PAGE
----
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Center Snapshot: Sharon Monica Jones
Sharon Jones. Image above: Sharon Monica Jones, who recently won an award for her work in aviation safety, was inspired by a magazine story on former NASA Langley engineer Christine Darden. Photo credit: NASA/Sean Smith

By: Jim Hodges

It began with a copy of Ebony magazine. Sharon Monica Jones was flipping through it, checking out pictures of rock and movie stars and other assorted celebrities, when she ran across a story about now-retired NASA Langley engineer Christine Darden.

"I saw the picture, and she had a shirt on just like mine," said Jones, who works in systems and portfolio analysis for NASA's Aviation Safety Program. "I had just finished interning at IBM, and I hated to get dressed up," which she had to do with the computer company.

Jones laughed, something she does easily. She read the story and saw that Darden had a math background and went to graduate school in engineering.

"Just like I wanted to," Jones said.

And just like she did, at Hampton University for undergrad work and the University of Virginia in systems engineering. And, later, at Old Dominion for her doctorate.

The University of Virginia was her link with NASA Langley, though she had been to the center as a scout while growing up in Kecoughtan.

"On my application to the University of Virginia, they saw I lived in Hampton and they said, 'hey, you know we have a summer program at Langley,' " Jones said. "That's how I got into the LARSS program."

The Langley Aerospace Research Summer Scholars program introduced her to the varied engineering possibilities at the center. It included robotics, which she grew to enjoy and which was her entre into Langley upon earning her masters degree in systems engineering in Charlottesville. Later, she moved to aeronautics, where she now works. She’s been working in aviation safety for a decade.

It’s where her work has been recognized with a Research Leadership Award by the Black Engineers of the Year Science, Technology, Engineering and Mathematics Global Competitiveness Council.

Jones will receive her award on February 17 at the organization's Emerald Honors Award dinner in Washington.

Flexibility has helped her progress through her career. "I started in electrical engineering at Hampton because I wanted to be a broadcast engineer," she said. "I volunteered at television stations in high school because I wanted to work behind the scenes in television.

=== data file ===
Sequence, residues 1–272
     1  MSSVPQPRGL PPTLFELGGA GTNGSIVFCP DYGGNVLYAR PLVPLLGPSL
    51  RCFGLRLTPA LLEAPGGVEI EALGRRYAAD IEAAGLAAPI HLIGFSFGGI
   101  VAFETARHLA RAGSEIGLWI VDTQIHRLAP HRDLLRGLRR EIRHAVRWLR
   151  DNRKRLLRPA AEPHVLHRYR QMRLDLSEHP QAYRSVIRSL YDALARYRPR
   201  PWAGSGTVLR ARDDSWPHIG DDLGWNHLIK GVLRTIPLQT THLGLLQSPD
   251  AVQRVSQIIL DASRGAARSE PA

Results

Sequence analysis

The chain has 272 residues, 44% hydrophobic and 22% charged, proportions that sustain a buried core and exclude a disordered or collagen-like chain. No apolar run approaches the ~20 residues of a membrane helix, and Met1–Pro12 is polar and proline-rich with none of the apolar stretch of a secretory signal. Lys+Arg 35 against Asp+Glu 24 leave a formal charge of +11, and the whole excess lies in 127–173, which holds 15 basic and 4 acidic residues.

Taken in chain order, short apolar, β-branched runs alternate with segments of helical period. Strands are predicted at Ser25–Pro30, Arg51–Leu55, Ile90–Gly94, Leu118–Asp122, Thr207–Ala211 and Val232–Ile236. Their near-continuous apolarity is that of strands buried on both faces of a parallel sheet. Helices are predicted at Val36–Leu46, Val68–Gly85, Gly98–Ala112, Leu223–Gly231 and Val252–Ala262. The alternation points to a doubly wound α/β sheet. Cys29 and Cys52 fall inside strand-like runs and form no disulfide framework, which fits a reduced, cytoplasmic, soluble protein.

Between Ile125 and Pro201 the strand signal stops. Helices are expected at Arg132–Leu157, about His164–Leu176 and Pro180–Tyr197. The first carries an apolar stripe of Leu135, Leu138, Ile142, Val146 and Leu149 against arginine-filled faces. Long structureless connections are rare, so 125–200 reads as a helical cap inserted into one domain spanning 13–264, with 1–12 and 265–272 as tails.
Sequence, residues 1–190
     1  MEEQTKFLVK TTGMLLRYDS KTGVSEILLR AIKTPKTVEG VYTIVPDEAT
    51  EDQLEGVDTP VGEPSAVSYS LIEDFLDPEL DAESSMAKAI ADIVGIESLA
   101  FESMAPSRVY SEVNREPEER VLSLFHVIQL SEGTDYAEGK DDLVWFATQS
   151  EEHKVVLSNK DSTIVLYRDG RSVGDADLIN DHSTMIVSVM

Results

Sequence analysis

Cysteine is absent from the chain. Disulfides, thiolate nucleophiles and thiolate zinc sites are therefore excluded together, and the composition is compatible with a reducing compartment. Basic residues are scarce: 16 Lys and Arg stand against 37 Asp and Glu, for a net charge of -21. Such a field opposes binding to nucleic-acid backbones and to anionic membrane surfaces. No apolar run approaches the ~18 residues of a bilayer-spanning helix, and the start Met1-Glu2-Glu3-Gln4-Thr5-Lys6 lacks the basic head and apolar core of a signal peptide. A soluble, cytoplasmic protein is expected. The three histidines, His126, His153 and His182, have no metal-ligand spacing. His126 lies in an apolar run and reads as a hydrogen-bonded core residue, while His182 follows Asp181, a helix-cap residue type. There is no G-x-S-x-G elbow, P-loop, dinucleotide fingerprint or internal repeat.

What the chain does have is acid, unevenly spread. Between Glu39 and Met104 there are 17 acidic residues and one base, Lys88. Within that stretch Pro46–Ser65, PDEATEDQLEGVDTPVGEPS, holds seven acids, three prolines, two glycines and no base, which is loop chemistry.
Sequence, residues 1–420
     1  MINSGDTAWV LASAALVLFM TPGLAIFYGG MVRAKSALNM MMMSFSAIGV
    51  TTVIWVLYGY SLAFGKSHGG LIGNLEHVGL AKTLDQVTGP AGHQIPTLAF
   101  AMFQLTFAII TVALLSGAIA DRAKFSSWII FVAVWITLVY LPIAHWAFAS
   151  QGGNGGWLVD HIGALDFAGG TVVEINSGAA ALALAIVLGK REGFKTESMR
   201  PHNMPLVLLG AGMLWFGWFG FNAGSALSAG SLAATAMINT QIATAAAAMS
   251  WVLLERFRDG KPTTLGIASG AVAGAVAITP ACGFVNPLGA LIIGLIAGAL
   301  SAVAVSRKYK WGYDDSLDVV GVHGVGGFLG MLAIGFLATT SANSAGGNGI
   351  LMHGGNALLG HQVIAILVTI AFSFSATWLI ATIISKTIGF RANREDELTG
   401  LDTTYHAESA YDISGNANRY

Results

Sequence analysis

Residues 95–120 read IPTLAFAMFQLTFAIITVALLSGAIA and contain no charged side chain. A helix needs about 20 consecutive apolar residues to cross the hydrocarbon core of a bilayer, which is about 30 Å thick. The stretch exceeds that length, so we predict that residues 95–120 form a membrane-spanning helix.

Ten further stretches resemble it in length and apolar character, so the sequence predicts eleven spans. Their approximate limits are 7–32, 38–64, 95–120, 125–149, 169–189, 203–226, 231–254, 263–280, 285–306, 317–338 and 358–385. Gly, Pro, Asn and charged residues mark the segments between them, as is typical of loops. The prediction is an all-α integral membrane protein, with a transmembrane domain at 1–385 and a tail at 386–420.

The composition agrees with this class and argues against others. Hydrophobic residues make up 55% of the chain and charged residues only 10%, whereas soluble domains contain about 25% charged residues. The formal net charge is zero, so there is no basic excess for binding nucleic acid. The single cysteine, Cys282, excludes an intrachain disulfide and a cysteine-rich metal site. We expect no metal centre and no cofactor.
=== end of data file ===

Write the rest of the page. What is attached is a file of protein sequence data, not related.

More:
"Now I'm working behind the scenes in helping people out front to make decisions."

Her job is to analyze safety options and make recommendations based on her analyses.

Jones has seen changes in more than 20 years as an engineer, beginning with more women in the field.

"In college, and this was the late '80s and early '90s, I was the only woman in the class," she said. "It was better in systems engineering (at Virginia), but when I took courses in mechanical engineering, in a lot of those courses I was the only woman in the class."

When she got to Langley, it was more of the same.

"This Commercial Aviation Safety Team has a sub team that does data analysis," she said. "When I started in 2001, I was the only woman on the team. Now, we probably have 10 women on the team."

There was pressure to do more to prove herself, even if that pressure came from within. And there was the inevitable question, which she laughs off now. "A couple of years ago, I had a contractor, bless his heart, say to me, 'did you get your job as an affirmative action position?' " Jones said. "I said 'no, I went to graduate school.' "

Away from Langley, "I'm a puzzle person," Jones said. "And I love movies. My ideal vacation would be to go to a movie festival."

She enjoys music – Jones worked at a music store in her youth -- and most of all, she enjoys children Alexandra, 10; and Andrew, 8.

Life is different now. Where once, there were few role models among African-American women engineers, there are more now. Sharon Monica Jones is one, and on February 17, she will have an award to recognize it.

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